The United States spends more per student on colleges and universities than virtually every other country in the developed world, according to the latest statistics released by the Organization for Economic Cooperation and Development (OECD).
American universities spend $30,165 per full-time equivalent student, nearly twice the rich-world average of $15,556, according to the report. Among developed nations, only the tiny grand duchy of Luxembourg spends more.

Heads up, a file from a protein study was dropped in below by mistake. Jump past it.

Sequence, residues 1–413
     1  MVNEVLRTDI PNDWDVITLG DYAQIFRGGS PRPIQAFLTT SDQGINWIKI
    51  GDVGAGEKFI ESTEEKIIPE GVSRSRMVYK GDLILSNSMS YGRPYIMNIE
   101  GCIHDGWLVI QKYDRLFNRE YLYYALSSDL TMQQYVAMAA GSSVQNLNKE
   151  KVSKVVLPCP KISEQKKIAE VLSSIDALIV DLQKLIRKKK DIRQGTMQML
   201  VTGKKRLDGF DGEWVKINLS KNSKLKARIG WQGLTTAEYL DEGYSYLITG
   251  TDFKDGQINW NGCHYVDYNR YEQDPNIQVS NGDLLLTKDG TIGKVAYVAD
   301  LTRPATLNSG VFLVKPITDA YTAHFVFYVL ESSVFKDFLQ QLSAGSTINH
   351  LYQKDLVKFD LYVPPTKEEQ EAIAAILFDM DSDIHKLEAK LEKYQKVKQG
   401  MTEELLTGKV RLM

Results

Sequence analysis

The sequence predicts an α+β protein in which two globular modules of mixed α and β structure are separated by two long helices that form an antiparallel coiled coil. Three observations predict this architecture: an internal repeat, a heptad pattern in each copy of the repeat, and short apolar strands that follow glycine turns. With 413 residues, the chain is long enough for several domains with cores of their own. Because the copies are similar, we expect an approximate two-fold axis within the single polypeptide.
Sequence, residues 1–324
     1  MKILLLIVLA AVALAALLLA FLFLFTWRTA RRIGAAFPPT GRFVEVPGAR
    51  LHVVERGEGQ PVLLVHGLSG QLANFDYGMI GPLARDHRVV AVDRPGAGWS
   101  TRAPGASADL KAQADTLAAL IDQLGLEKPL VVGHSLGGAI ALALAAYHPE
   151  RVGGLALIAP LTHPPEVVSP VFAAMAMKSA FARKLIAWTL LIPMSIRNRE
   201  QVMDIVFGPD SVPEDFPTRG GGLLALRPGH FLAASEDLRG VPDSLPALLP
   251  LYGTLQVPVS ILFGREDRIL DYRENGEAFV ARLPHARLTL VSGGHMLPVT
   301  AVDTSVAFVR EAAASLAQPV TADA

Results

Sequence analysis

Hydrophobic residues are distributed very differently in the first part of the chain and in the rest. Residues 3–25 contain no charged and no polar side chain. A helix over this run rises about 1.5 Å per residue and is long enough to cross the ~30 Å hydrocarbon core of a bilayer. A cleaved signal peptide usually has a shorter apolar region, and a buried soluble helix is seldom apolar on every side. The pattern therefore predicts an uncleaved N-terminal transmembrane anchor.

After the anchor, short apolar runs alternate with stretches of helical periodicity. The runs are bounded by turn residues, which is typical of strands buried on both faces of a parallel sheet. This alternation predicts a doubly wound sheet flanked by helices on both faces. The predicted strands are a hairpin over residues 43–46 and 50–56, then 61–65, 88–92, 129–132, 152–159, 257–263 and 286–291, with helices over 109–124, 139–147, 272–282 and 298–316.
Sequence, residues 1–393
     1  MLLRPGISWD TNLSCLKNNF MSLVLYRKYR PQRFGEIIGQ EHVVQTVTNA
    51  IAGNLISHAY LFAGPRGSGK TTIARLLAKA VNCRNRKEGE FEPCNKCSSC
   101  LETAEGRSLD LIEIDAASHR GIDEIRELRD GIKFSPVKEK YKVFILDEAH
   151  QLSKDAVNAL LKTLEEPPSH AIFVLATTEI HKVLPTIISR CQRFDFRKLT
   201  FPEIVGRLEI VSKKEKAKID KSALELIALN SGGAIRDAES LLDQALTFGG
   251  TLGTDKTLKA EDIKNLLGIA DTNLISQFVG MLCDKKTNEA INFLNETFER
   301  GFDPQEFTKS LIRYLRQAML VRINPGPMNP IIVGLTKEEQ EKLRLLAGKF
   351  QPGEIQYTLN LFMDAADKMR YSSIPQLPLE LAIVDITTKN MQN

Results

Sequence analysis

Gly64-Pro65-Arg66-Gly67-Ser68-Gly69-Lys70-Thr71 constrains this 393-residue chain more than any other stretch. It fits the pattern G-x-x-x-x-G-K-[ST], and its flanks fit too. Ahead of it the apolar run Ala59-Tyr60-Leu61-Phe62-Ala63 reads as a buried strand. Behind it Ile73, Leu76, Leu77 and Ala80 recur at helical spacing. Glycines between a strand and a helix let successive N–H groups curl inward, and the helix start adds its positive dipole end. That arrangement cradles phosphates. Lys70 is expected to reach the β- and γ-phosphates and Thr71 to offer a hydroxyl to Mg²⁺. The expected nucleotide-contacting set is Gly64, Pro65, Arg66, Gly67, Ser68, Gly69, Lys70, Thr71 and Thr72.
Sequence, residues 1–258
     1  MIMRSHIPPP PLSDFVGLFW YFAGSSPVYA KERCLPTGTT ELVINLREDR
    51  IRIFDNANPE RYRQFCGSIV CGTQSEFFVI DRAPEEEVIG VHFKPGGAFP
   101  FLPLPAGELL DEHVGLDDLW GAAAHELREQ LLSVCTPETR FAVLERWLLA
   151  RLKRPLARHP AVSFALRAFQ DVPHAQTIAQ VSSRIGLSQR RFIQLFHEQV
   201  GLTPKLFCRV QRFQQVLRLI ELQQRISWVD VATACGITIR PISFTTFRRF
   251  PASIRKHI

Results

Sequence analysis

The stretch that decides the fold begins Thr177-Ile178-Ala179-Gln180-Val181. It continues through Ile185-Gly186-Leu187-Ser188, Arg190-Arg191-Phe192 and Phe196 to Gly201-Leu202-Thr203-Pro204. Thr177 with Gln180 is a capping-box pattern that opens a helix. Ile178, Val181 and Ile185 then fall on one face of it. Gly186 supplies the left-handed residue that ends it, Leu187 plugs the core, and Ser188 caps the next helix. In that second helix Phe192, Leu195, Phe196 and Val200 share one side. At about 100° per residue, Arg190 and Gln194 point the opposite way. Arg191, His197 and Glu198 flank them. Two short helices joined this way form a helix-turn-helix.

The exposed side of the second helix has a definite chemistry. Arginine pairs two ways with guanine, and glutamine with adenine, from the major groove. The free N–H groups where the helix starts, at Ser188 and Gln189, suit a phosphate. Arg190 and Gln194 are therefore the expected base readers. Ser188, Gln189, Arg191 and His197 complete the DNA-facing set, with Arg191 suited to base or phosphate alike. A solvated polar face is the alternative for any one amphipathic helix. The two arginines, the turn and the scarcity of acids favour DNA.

The OECD adjusts its spending figures for cost-of-living differences across nations. The United States retains its second-place ranking regardless of whether one looks at total higher education spending including research and development, or core educational spending only.
Activists often blame insufficient government subsidies for high college tuition in the United States. While public funding does account for a relatively low share of college costs in America, these figures suggest that high tuition is largely driven by elevated underlying costs, not government tightfistedness.